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Kellogg fellows (l-r) Kyle Kysela, Dylan Gilbert, Dylan Otterbein, Mark Balderson, and Kate Hamilton

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College Names Kellogg Fellows in Humanities

May 13, 2015

MIDDLEBURY, Vt. – Middlebury College has announced the selection of eight students for a new undergraduate fellowship program designed to support seniors engaged in research in the humanities.

The first group of Kellogg Fellows includes a rising senior researching violence and feminine identity in modern performance art and a senior Feb studying how speakers of Portuguese in a southern Brazilian city use of the second-person pronoun.

Recipients of Kellogg Fellowships receive $5,000 to support their travel and research, which can be conducted during the summer and/or during the academic year.

The Kellogg Fellowship program at Middlebury College was established in 2014 in honor of Michael Kellogg, the husband of Lucy Pugh ’79  and father of Baird Kellogg ’10 and Camille Kellogg ’17.

The 2015-16 recipients and the titles of their projects are: Mark Balderston ’15.5, independent scholar in linguistics, “Variation in Second Person Pronoun Use in Florianopolis, Brazil”; Joshua Berlowitz ’16, classics and political science major, “Alliances, Human Nature, and Thucydides”; Benjamin Clark ’16, history major, “Removal, Resistance, and Reconstruction: William Holland Thomas and the Eastern Cherokee Indians”; and Dylan Gilbert ’16, art history and Russian major, “Thousands of Tiny Tesserae: Constructing Heaven in Sicilian Byzantine Mosaics.”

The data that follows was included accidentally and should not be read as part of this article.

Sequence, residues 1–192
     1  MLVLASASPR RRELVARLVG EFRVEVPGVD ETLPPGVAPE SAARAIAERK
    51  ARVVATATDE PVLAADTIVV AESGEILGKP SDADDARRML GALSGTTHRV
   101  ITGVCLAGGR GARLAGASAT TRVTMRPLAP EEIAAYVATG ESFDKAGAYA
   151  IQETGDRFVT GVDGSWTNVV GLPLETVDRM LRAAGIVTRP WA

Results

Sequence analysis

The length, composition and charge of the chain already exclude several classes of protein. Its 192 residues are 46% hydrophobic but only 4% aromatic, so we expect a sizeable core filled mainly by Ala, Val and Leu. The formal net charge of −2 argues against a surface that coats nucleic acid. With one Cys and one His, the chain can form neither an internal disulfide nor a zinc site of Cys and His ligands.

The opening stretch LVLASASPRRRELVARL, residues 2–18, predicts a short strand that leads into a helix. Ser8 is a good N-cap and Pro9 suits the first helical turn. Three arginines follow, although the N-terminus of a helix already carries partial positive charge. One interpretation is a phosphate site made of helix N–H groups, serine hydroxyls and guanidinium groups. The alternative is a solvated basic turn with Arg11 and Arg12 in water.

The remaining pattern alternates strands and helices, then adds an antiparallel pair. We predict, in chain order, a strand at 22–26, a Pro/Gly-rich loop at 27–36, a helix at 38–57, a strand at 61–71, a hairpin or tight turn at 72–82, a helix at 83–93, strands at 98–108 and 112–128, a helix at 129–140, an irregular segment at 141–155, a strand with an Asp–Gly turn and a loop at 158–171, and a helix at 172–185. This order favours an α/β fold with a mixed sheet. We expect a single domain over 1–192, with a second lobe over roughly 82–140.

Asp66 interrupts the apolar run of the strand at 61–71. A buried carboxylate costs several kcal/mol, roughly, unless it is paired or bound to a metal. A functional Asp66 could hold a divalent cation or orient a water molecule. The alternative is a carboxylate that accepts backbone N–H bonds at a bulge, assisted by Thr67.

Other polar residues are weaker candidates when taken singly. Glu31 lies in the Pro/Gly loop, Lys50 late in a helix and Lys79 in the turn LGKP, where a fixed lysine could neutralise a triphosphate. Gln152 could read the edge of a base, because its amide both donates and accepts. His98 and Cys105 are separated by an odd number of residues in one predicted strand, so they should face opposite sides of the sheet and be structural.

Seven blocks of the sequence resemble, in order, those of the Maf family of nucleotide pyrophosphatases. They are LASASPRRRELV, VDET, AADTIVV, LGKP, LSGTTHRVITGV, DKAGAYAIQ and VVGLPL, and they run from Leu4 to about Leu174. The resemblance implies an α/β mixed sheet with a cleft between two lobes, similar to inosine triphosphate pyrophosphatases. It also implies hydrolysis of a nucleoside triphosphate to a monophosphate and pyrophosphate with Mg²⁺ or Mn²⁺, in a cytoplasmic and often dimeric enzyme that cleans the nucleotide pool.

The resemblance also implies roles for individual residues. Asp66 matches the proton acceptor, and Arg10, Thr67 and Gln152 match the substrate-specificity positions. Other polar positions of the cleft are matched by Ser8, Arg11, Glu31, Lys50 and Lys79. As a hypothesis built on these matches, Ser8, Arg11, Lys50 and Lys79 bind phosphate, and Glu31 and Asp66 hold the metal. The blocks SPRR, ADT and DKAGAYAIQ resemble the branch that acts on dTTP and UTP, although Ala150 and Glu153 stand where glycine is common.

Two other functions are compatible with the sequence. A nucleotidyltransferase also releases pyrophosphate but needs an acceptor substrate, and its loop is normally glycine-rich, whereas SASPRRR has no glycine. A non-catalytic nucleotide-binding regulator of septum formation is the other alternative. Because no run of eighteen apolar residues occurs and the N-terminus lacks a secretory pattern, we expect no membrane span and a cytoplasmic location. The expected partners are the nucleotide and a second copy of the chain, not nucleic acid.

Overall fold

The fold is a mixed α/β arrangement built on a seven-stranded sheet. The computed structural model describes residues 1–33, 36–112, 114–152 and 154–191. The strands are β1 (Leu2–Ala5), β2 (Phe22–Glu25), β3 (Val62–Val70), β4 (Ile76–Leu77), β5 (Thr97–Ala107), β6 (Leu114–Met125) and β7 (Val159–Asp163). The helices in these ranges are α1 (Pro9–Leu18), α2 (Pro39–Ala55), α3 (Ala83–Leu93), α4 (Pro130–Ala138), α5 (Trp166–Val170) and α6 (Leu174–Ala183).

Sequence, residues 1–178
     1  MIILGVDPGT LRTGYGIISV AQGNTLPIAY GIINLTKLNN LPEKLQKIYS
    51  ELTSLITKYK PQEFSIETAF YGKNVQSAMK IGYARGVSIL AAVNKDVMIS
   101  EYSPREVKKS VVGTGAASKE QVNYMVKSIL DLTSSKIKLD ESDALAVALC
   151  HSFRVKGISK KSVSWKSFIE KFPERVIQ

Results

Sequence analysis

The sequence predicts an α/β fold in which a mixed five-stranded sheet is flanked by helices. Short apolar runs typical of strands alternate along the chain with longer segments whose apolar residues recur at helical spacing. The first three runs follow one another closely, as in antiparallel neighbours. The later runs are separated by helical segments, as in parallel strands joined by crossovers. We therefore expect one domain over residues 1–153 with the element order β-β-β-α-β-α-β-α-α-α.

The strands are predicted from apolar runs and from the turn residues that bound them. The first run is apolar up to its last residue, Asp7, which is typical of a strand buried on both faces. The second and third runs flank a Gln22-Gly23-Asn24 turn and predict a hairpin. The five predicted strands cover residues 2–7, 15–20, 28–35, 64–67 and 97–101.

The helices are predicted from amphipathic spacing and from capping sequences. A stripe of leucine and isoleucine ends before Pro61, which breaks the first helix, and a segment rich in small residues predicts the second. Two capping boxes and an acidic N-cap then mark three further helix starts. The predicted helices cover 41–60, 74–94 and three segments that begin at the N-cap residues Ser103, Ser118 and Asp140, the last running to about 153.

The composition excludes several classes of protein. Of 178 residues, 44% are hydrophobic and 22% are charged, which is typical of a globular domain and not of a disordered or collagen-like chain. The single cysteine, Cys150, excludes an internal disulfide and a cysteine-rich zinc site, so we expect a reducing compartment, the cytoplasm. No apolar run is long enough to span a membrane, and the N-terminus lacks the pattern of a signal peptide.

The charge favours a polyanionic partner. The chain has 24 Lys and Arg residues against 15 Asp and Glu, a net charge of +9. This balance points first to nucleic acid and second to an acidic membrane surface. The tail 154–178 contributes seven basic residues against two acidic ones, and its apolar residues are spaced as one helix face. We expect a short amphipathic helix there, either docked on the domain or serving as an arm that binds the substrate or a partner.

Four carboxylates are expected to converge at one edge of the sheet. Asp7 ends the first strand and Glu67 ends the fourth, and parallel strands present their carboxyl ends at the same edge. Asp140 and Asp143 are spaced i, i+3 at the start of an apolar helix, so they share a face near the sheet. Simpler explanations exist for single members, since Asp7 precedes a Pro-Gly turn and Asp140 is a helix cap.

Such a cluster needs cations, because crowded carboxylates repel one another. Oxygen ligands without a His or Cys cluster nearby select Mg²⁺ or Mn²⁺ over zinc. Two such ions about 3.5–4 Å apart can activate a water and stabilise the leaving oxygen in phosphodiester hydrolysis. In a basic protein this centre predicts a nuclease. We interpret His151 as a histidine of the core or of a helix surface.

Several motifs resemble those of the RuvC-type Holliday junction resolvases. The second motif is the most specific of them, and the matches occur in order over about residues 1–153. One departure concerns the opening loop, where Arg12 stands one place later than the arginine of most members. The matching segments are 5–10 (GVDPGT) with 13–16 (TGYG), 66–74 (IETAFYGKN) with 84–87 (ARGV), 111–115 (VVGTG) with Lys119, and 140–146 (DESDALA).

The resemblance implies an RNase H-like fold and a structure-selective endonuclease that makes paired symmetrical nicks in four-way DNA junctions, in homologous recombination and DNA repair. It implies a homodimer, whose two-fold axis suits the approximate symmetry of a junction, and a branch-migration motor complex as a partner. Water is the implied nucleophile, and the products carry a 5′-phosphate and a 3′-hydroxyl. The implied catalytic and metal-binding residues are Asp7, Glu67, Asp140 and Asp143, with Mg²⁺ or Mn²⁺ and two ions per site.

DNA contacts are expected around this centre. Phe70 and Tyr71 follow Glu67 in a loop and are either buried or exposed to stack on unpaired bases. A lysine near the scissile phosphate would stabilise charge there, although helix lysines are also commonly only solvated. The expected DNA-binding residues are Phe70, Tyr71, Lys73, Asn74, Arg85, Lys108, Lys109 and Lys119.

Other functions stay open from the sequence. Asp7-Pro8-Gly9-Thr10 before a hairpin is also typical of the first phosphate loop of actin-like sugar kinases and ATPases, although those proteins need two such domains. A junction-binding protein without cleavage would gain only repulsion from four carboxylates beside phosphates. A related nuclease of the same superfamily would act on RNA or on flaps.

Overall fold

Also, Kate Hamilton ’15.5, political science major, “Founding Tensions: Liberalism and Communitarianism in the American Political Tradition”; Kyle Kysela ’16, philosophy and economics major, “Finding Ourselves in Others: Skepticism in Wittgenstein and Cavell”; Dylan Faith Otterbein ’16, art history major, “Bodies of Evidence: On Self-Violence and the Feminine Identity in Modern Performance Art”; and Tamir Williams ’16, American studies and French major, "Bette AKA Mammy, Big Momma, Madea or Others Alike: Constructions of an American Stereotype."

The Kellogg Fellowships “are a wonderful new source of support for undergraduate research in the humanities and related areas of humanistic inquiry,” said Lisa Gates, associate dean for fellowships and research.

To qualify for a Kellogg Fellowship, projects must engage in philosophical inquiry in the humanities and areas of humanistic study, broadly defined, including but not limited to philosophy, religion, classics, history, history of art and architecture, film and media culture studies, languages, American studies, and English and American literatures.